The two-by-four is ubiquitous in construction. But the common wall stud may not measure up the way you would expect.
Carpenters, builders and homeowners rely on studs for consistent quality and dimensions. Stud is a term that describes a two-by-four in its common use. Similar terminology is applied to other softwood lumber types, such as one-by-four, two-by-six, four-by-four, four-by-six.
The origination of the term two-by-four is an old-school reference to rough lumber. The contemporary need to optimize for cost and efficiency has made the reference inaccurate -- studs are probably smaller than you think.
Even though it's called a two-by-four, the most common stud measures 1 1/2 by 3 1/2 inches. It has been run through machinery to smooth the face and round the corners, giving it consistent dimensions.
Even though dimensional lumber is supposed to be near perfect, don't be surprised -- if you decide to measure it -- that some studs range up to 1 5/8 inches in thickness. This shouldn't affect the lumber's use.
They're not used often, but the old-school, rough stud is exactly what the name implies; it's rough and fuzzy. It was cut from a tree and shipped. Because it has not been planed or run through a molder, it still has its original dimensions -- about 2 inches in thick and 4 inches wide, though these numbers are not always uniform.
Lumber charts are typically broken down into two categories. The first category is the "nominal" size, or rough size before the lumber is milled. The second category, "actual," is the size of the stud after it has been milled.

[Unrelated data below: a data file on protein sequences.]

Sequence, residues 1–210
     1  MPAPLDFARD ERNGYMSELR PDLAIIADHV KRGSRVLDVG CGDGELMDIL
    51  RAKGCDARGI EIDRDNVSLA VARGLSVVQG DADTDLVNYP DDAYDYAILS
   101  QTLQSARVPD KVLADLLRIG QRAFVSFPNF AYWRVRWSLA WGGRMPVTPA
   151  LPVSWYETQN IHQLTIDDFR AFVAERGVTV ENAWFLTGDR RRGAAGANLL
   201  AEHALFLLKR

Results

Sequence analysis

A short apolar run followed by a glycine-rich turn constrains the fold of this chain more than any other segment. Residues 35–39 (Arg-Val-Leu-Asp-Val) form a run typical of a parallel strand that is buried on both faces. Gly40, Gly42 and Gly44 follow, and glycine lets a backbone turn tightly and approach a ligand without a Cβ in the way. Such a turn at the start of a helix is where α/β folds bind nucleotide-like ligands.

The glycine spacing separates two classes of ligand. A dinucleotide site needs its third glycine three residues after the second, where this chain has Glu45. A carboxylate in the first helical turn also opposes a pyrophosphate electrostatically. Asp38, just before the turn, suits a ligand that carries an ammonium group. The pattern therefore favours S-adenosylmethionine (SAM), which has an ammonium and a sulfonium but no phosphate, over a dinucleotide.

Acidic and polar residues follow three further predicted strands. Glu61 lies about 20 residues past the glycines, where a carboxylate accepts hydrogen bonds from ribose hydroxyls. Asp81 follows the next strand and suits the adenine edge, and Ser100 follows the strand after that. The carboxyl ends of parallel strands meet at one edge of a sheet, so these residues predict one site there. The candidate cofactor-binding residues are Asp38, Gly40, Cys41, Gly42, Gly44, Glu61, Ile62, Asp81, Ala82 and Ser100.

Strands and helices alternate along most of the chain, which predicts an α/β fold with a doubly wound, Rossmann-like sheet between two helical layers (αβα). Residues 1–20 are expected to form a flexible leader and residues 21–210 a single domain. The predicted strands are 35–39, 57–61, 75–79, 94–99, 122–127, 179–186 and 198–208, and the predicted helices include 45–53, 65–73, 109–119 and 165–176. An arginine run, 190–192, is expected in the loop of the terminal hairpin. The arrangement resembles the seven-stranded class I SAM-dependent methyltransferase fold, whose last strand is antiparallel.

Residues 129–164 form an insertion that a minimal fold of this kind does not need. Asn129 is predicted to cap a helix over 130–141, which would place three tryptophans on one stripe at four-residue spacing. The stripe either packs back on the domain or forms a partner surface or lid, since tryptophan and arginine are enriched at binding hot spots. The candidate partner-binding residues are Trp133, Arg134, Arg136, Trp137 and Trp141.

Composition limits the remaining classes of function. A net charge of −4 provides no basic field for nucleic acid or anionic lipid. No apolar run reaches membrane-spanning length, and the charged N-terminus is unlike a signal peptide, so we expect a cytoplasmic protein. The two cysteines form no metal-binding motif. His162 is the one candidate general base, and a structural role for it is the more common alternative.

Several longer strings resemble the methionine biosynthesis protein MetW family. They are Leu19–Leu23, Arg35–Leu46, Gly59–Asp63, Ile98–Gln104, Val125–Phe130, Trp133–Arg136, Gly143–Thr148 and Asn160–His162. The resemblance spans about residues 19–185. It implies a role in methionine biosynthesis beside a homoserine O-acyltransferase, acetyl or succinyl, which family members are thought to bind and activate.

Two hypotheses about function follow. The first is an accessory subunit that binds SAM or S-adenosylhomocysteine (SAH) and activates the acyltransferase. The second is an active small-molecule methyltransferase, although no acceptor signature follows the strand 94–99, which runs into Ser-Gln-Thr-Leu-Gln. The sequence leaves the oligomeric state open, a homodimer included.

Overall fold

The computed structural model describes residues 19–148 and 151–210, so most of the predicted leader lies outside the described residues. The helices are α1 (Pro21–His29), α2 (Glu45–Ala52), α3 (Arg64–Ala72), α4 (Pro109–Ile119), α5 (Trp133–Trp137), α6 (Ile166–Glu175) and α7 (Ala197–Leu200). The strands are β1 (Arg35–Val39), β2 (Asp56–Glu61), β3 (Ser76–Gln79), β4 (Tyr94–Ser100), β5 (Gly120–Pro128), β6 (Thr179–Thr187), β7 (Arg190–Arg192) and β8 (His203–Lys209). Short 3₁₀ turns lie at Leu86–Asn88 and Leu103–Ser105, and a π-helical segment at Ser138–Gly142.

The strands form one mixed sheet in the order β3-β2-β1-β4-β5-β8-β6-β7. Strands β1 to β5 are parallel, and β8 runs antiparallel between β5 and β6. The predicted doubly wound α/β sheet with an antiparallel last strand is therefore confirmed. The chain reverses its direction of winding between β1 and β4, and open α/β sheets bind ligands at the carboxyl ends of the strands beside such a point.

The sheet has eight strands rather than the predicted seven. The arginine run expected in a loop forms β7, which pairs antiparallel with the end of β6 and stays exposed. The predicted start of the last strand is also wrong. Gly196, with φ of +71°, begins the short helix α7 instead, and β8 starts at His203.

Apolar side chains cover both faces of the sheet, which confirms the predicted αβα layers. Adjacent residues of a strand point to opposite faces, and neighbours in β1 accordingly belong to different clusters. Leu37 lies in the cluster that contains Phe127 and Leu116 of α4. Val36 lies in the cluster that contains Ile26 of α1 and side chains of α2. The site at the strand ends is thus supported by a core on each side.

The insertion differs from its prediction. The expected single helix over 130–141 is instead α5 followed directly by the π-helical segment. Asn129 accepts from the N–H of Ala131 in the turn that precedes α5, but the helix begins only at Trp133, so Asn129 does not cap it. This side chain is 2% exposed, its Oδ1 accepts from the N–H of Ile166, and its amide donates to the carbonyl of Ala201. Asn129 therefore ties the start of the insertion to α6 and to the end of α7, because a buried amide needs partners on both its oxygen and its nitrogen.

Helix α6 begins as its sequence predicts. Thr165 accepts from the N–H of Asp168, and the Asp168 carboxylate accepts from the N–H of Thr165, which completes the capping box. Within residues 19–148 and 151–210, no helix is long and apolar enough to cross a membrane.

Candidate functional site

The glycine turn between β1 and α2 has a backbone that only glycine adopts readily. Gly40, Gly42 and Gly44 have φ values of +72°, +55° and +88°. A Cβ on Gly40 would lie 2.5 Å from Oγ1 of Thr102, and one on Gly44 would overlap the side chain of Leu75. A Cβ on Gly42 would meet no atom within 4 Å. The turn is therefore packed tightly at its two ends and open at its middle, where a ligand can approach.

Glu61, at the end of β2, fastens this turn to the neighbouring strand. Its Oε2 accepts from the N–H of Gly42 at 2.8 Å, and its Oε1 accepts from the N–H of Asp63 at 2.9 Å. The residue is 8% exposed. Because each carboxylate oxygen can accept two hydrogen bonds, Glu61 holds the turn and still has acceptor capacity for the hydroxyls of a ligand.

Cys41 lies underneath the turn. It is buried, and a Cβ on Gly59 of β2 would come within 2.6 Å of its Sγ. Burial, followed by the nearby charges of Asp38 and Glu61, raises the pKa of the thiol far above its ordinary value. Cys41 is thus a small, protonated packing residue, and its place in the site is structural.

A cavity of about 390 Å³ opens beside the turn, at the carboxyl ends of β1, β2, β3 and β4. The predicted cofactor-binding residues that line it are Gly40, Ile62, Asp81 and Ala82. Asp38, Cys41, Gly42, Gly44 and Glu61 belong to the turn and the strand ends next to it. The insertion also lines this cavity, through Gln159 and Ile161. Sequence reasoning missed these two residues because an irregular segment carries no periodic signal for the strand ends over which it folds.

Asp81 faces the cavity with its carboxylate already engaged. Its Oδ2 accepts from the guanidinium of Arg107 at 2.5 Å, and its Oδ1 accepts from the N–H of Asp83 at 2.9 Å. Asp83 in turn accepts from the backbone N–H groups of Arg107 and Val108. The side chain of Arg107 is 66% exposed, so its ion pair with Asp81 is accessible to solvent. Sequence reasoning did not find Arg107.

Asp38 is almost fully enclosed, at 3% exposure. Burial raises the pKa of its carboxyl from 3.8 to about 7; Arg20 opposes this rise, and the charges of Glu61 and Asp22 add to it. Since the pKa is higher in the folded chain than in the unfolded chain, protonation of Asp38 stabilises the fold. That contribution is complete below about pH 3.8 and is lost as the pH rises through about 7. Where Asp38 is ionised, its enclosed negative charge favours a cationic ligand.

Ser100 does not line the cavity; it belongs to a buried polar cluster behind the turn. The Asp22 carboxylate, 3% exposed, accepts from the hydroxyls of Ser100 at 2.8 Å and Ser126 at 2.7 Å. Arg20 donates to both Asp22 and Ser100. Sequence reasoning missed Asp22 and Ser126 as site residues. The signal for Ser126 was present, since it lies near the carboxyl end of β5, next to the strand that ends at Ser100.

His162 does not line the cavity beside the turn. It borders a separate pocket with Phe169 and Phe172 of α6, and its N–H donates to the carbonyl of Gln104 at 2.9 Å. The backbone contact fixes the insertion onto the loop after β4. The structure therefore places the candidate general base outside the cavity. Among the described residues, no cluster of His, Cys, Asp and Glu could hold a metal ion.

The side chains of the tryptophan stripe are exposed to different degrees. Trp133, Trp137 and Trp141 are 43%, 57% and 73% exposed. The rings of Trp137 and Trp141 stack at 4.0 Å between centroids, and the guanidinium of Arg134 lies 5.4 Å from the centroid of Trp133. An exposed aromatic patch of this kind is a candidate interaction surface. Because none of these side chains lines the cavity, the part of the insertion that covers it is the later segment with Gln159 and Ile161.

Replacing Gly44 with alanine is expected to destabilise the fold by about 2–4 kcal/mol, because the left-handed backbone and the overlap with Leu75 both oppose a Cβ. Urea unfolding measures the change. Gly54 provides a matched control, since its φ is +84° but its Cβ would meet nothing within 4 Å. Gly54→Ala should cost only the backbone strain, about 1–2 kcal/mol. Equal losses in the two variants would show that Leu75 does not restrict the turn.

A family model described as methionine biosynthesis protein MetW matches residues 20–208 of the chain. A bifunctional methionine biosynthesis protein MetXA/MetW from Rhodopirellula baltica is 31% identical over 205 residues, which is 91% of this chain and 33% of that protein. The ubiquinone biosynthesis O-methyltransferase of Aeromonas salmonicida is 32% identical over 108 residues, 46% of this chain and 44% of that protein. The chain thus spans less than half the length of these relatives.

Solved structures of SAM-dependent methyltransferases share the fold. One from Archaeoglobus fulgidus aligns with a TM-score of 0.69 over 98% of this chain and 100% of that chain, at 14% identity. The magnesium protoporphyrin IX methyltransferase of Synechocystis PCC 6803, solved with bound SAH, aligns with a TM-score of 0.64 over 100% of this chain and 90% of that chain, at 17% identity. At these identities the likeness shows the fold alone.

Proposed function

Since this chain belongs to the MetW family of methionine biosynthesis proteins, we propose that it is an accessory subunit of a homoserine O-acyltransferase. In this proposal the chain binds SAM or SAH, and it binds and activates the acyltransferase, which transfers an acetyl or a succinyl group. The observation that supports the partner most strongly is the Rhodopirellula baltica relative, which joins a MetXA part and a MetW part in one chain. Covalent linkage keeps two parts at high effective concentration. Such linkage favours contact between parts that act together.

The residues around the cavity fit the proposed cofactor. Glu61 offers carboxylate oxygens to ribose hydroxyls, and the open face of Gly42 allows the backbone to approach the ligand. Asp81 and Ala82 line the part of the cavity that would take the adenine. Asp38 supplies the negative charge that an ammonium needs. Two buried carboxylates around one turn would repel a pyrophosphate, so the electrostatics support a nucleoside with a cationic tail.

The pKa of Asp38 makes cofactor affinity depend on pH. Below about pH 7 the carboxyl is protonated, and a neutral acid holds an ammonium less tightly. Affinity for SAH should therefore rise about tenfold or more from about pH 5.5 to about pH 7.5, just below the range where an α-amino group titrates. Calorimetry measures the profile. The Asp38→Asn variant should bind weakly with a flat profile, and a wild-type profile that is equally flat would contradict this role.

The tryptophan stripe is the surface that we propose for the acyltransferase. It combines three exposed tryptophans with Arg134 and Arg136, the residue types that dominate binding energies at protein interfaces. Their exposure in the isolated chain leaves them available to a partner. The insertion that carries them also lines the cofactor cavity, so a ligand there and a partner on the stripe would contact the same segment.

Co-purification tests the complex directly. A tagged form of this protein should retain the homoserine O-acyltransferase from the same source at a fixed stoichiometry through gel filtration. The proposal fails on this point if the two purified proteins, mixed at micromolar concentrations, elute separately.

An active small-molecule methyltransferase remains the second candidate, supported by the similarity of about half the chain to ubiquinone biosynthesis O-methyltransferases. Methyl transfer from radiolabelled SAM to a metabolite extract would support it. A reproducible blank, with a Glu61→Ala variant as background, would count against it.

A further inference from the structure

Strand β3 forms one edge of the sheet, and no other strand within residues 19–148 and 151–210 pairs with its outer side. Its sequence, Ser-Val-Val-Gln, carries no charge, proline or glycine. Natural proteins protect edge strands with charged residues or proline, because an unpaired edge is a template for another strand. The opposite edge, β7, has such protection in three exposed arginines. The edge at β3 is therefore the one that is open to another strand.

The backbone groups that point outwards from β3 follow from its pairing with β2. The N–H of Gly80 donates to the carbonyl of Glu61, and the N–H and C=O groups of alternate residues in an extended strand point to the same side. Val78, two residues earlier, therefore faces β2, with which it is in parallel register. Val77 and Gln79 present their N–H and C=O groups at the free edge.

Beams, posts and almost all other softwood lumber is sized nominally. For example, the actual size of a standard two-by-six is 1 1/2 by 5 1/2 inches. The same goes for smaller pieces of lumber; the standard one-by-four measures only 3/4 by 3 1/2 inches.
Hardwood lumber has the same nominal and actual sizes, but the industry uses its own lingo. For example, a piece of oak that's 1 inch thick is refereed to as four-quarter, which is a nominal measurement. If it's 2 inches thick, it's referred to as eight-quarter.
Studs may occasionally be sized in decimals. The decimal equivalent of a common stud is 1.5 by 3.5 inches. If you have any questions about decimal equivalents, check the back side of your tape measure. Some manufactures include it.
- The Family Handyman: Making Sense of Lumber Dimensions
- Engineers Edge: General Rule Converting Nominal to Actual Softwood Dimensions
- U.S. Department of Agriculture: Moisture Content of Wood in Use
- Wood Flooring Education: Hand Held Moisture Meters
- Howe Lumber: Dimensional Lumber
- Woodworkers Source: Woodworking 101: What Does 4/4 Mean in Lumber?
Specializing in hardwood furniture, trim carpentry, cabinets, home improvement and architectural millwork, Wade Shaddy has worked in homebuilding since 1972. Shaddy has also worked as a newspaper reporter and writer, and as a contributing writer for Bicycling Magazine. Shaddy began publishing in various magazines in 1992, and published a novel, “Dark Canyon,” in 2008.